What is the Coastal Open Space System (COSS)?
The Coastal Open Space System (COSS) consists of over 70 natural reserves which are set aside for plants and animals, nature-based recreation and to preserve the bushland character of Gosford.
Our COSS includes woodland ridgelines, gallery rainforests, steep cliffs, wetlands and creeks.
What is council doing to protect the COSS?
COSS is unique to our region, with council the only council in NSW to actively acquire and manage bushland as a system of networks to encourage the enhancement and protection of our natural open spaces.
The COSS was created in 1984, and council continues to actively purchase identified high nature conservation value land as it becomes available. Funding for purchasing and managing the COSS bushland reserves comes from rates and special contributions made by developers.
How was land for the COSS reserves selected?
The importance of preserving land with high aesthetic and environmental values in the Central Coast area was initially identified in 1975 as part of the Rural Lands Study prepared by the NSW Planning and Environment Commission.
This study recommended the long-term conservation of the features that make this area so special - the steep sandstone ridgelines, prominent hills, headlands, sea cliffs, wetlands, dunes and flora and fauna habitats.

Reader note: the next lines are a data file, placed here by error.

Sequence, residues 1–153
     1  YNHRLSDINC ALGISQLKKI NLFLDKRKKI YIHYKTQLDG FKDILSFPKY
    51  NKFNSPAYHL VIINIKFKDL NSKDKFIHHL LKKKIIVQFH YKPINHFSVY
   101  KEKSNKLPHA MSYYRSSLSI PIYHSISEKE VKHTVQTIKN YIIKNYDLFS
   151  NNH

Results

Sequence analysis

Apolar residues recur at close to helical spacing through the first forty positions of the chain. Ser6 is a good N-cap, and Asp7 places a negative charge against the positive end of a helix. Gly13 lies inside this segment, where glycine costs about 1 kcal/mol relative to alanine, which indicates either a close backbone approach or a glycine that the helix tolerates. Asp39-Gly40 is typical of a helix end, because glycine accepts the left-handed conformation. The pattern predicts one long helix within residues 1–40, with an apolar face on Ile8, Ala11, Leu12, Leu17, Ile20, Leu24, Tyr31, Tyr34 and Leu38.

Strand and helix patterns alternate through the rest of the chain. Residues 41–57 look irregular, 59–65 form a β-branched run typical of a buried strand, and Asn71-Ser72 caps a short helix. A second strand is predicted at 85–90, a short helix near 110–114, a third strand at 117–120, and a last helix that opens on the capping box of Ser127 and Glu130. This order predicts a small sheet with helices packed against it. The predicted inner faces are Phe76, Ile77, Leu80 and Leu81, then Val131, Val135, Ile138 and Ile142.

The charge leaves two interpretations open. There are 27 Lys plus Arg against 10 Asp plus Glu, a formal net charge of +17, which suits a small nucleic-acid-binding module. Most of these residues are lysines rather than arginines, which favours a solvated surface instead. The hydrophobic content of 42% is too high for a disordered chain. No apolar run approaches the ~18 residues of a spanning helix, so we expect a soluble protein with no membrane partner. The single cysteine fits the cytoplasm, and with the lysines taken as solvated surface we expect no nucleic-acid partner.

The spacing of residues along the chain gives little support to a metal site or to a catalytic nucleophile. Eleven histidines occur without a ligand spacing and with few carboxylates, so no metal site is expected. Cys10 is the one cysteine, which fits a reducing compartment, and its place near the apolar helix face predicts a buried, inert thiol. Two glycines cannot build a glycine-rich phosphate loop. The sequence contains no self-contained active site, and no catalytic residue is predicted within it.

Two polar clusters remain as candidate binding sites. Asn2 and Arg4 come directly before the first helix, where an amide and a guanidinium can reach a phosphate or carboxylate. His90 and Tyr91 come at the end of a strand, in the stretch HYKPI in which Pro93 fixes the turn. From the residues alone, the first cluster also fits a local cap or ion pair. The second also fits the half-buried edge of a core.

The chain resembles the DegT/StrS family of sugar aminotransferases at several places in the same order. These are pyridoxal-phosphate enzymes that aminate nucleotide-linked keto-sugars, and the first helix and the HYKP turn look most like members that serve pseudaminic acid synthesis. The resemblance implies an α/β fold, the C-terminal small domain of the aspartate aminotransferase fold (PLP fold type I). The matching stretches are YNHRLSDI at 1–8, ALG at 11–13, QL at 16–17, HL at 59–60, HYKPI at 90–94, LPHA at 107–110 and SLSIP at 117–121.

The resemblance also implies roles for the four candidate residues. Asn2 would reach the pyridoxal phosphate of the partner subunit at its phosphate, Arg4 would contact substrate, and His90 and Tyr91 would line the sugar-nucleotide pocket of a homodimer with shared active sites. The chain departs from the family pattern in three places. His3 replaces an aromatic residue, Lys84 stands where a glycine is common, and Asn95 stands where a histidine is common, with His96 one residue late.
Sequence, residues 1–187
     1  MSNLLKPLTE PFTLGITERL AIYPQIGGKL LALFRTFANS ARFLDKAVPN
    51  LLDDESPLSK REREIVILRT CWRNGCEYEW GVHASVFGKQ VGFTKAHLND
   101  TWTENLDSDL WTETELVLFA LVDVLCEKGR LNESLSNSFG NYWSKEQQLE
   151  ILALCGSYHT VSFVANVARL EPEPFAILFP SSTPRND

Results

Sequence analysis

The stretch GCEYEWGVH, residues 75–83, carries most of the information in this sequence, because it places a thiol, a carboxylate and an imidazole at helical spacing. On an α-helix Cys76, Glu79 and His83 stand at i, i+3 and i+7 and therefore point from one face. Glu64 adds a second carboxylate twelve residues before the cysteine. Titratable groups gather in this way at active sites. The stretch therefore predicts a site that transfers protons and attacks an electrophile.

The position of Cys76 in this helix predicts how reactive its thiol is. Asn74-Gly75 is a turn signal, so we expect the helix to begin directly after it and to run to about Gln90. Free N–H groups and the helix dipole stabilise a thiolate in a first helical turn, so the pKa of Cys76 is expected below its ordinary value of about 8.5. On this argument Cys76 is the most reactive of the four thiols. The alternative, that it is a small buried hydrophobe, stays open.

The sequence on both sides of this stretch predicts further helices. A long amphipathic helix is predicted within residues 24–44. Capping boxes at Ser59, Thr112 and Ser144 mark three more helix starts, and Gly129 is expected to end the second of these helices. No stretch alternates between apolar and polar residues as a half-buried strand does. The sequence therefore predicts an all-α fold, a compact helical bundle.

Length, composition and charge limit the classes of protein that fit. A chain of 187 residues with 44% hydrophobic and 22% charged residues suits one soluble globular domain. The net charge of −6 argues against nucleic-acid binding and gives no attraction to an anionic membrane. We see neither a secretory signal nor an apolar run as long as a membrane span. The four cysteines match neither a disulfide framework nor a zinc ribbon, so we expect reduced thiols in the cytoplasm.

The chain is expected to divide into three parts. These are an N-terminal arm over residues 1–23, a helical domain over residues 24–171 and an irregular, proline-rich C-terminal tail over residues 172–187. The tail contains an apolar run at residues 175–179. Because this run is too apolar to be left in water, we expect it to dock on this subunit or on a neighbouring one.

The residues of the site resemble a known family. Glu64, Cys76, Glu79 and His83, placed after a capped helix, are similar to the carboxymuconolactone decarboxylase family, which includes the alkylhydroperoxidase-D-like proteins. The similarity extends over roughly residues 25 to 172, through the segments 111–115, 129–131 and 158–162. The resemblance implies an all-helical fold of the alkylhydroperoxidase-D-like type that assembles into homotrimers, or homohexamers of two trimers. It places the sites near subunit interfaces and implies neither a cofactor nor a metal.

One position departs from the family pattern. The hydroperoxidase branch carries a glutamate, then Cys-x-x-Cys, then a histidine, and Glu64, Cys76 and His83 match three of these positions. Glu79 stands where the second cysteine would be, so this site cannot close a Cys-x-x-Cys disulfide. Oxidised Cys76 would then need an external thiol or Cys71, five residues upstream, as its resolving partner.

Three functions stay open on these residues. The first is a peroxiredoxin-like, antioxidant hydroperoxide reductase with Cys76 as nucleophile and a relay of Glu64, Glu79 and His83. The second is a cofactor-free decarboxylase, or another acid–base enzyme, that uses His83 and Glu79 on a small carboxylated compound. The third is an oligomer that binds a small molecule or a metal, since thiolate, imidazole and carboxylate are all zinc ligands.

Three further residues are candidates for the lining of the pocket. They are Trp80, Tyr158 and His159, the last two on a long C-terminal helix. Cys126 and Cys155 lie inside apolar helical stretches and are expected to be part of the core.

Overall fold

Gosford City Council used the recommendations of the Rural Lands Study to create the Coastal Open Space System in 1984.
Visiting the COSS
You can enter the COSS reserves via one of the access points below.
| Reserve Name
||Main Vehicle Access Point/s
||Main Pedestrian Access Point/s
|Kincumba Mountain Reserve
||Island View Drive, Kincumber
||Bronzewing Drive, Erina
||Dolly Avenue, Springfield
||Henry Wheeler Place and John Whiteway Drive, Gosford
||Katandra Road, Holgate and Toomeys Road, Mt Elliot
|Berry's Head Reserve
|| Belina Avenue, Wyoming
|Berry's Head Road, Wyoming
|Mt Ettalong Reserve
||Patonga Drive, Pearl Beach
More information on the COSS reserves
Find out how local businesses can benefit from the COSS in our COSS Natures Secrets for Success report.
To find out more about planning and management for the COSS Reserves, read the Coastal Open Space Strategy 2010.
COSS Family Nature Club
For more information about your local COSS Family Nature Club visit the COSS Family Nature Club page.
COSS Wildlife Corridors
There are a number of areas that may be used by native animals as pathways between the COSS reserves, national parks and state forest. The links between these habitats are known as wildlife corridors. To learn more, visit our COSS Wildlife Corridors page.